Learn how to successfully boost the power of your Medium articles.
Learn the dos and don’ts of Medium publishing.
Medium.com is a one-of-a-kind social media site that focuses on discovery rather than search. Users use the network to be inspired or entertained rather than looking for specific content, similar to how they use Facebook and LinkedIn.
There is no method to monetize the content you publish on Medium, unlike Facebook and LinkedIn. In addition, there is no obvious road to conversions.
So, why do well-known authors and companies like HubSpot use Medium to promote their work? They do it to expand their audience.
ThinkGrowth.org, a HubSpot Medium publication, for example, reaches a completely new audience. Nearly 90% of ThinkGrowth subscribers aren’t in HubSpot’s database.
It’s not easy to establish a following around long-form writing on Medium, even though it’s a great place to start. It will need more money to get your content in front of new people.
We’ll go over the “do’s and don’ts” of publishing to Medium in this article, as well as some audience-building advice.
Do Keep an eye on what others in your industry are doing well.
Take the time to discover what works on Medium because it has a different personality than other platforms.
Find some of your industry’s most well-known people who are publishing on Medium. Follow them to find out what works for their target audience. Featured articles from the categories given in Medium’s navigation menu are one approach to do this.
The Tech section, for example, features featured, recent, and popular technological content.
Within the first hour of publication, try to get at least 100 “claps.”
The first hour after an item is published on Medium is crucial. Your content has 60 minutes to persuade the system to place it in the “Trending” area.
Marketer Jeff Bullas suggests attempting to achieve 100 recommendations during the first hour of publication. His experience has shown him that driving a large number of visitors to your content in the first hour ensures it will be a “sure thing.”
You can achieve this in a variety of ways, including:
- Build your Facebook and Twitter audiences such that when you push “publish,” all of your following will be directed to your Medium piece at the same time.
- Advertise on social media for a fee.
- Create a Medium account and start following other users.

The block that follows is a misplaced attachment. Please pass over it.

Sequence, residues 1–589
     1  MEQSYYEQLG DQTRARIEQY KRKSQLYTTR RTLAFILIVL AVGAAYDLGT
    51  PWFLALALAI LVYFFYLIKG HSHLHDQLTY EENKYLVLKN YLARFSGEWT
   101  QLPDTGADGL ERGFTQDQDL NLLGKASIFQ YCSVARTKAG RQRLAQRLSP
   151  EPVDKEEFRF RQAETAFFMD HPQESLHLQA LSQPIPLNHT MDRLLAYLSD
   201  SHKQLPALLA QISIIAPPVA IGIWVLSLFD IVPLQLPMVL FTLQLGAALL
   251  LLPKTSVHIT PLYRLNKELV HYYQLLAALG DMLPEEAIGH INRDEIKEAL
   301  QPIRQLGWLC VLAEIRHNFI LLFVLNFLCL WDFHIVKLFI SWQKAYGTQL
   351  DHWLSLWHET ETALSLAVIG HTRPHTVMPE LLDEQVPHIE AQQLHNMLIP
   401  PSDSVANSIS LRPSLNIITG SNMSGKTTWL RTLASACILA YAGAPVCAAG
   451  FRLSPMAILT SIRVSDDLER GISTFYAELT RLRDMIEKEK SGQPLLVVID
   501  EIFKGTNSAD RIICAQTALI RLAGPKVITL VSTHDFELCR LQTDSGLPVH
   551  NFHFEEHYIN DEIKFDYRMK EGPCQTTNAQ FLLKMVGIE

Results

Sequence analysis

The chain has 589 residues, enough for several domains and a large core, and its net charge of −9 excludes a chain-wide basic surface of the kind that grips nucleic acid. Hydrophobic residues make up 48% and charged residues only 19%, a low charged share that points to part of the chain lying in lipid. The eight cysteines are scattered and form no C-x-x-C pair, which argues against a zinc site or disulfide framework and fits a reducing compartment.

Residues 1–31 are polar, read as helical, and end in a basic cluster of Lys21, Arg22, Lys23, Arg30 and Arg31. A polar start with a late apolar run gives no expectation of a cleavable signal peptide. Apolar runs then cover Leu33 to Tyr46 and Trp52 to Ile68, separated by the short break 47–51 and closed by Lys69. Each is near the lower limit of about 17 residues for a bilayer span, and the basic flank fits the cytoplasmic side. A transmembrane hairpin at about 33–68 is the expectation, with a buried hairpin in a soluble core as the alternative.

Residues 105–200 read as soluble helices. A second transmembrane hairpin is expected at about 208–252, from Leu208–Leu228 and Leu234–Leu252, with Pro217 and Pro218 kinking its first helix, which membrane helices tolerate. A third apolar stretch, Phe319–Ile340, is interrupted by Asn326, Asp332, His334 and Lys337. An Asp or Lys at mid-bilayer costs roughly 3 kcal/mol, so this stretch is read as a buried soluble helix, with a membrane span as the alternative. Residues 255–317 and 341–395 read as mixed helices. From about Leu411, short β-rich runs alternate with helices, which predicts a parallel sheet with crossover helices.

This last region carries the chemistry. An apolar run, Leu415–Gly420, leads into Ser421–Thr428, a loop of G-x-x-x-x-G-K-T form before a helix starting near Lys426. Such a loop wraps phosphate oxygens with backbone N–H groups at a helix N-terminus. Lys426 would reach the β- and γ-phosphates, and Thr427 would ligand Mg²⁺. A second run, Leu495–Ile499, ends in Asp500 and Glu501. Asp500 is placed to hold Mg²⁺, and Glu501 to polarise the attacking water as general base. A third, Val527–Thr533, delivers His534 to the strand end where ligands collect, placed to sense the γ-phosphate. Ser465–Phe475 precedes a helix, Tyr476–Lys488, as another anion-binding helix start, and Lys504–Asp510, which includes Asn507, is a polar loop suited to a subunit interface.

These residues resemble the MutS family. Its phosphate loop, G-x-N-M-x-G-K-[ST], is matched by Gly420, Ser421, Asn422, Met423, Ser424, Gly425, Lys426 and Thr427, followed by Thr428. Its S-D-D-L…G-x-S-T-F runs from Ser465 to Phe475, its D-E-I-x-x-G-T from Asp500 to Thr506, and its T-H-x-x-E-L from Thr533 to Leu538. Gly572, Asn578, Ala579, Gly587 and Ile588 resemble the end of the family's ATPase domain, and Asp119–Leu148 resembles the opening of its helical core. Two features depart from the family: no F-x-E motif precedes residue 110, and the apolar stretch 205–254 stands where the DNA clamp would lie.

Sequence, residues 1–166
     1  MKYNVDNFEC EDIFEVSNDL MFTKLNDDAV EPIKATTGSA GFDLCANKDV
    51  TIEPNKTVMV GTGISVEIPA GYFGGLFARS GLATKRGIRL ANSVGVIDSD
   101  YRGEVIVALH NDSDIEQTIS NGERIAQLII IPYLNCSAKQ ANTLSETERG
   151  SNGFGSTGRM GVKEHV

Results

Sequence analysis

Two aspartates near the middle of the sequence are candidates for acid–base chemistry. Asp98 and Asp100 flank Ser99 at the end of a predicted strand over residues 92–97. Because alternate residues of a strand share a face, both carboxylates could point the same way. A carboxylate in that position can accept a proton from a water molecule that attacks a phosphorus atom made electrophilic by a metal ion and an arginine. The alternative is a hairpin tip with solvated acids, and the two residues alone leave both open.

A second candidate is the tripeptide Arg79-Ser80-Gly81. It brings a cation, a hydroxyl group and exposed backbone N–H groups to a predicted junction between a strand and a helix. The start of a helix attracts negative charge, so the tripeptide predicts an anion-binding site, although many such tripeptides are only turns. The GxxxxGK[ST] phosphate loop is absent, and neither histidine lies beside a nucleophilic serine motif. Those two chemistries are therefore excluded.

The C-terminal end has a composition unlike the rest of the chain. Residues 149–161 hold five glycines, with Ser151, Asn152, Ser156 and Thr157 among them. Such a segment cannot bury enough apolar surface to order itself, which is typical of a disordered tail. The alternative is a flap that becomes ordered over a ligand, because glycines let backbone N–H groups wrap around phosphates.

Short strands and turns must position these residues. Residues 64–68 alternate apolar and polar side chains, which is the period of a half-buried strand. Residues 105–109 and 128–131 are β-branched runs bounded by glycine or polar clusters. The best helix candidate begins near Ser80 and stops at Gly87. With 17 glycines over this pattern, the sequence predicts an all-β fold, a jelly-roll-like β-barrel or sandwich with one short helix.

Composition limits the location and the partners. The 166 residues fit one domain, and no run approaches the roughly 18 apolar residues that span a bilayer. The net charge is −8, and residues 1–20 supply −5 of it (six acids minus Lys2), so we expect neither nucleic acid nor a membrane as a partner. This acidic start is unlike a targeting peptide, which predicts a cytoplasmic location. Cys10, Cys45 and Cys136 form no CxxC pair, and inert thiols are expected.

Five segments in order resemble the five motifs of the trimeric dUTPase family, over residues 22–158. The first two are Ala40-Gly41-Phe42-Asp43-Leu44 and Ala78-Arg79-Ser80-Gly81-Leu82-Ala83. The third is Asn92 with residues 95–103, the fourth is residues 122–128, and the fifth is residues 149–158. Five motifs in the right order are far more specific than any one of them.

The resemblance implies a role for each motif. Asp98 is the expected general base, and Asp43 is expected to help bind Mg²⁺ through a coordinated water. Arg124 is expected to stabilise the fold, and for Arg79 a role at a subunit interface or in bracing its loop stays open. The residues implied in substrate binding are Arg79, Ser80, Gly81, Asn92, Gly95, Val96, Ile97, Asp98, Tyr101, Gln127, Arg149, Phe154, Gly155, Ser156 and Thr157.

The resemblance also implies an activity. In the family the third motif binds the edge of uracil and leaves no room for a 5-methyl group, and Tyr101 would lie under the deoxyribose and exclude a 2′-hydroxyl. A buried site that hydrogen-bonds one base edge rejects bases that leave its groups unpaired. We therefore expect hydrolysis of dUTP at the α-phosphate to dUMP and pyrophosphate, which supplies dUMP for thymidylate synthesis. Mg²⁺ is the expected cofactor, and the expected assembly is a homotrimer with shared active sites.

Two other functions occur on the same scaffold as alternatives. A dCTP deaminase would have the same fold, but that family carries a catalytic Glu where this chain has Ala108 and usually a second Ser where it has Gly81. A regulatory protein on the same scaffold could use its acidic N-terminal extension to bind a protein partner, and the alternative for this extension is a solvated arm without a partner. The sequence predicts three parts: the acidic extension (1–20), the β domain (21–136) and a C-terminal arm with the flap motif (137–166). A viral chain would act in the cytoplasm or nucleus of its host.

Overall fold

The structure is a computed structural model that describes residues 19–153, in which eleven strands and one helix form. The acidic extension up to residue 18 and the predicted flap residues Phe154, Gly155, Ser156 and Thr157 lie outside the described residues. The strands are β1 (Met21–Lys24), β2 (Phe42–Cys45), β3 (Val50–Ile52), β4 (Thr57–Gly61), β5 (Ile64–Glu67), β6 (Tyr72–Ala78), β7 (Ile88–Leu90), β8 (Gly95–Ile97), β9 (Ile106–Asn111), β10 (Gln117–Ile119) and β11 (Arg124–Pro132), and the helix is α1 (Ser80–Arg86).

- Parts of your tale can be shared on Twitter as text shots, which can increase engagement by 3–5 times.
You offer an article the highest chance of success by directing all of your followers to it during the first hour of its publication on Medium. If your story is featured in Medium’s “trending” area, it will be seen by a large number of prospective new followers.
Do write stories in the first person.
The most popular format among Medium users is storytelling. The most popular articles are written in the first person and present engaging stories.
“Confessions of a Spammer,” for example, is an excellent example of a tale that did well on Medium.
If you situate it in a story, it’s fine to publish a post that describes how to do something.
For example, in “My White Boss Talked About Race in America and This Is What Happened,” Mandela SH Dixon wrote about a workplace incident.
Even though the post is written in the first person, it is a fantastic how-to guide for anyone who wants to help their black coworkers.
Keyword Strategy Isn’t Necessary
What puts your content to the top of the SERPs isn’t always the same as what gets you, followers, on Medium.
To make posts on Medium more appealing to readers, follow these steps:
- Add bullet lists, drop caps, numbered lists, and subheaders to make your text easier to skim.
- Include quotes, mentions, embedded social network posts, and videos in your articles to make them more intriguing.
- Make a dramatic statement in your headlines to “wow” readers.
- Include beautiful photos as well as image grids.
Ali Mese is one of Medium’s most popular writers, with over 64,000 followers. To generate well-formatted content for his audience, he employs practically all of the aforementioned guidelines.
The following clip, for example, demonstrates the use of a quote, a gorgeous image, and a subheader.
Use CTAs to Promote Others, Not Yourself
Readers, according to Medium, are irritated by frequent prompts to action. CTAs that promote a newsletter or seek claps, in particular, is the subject of reader complaints.
Medium recommends that you stay away from CTAs entirely.
However, some well-known authors incorporate a subliminal CTA at the end of their writings.
Ali Mese, for example, inserts a call to action after his pieces that state, “Subscribe to get my essays.”
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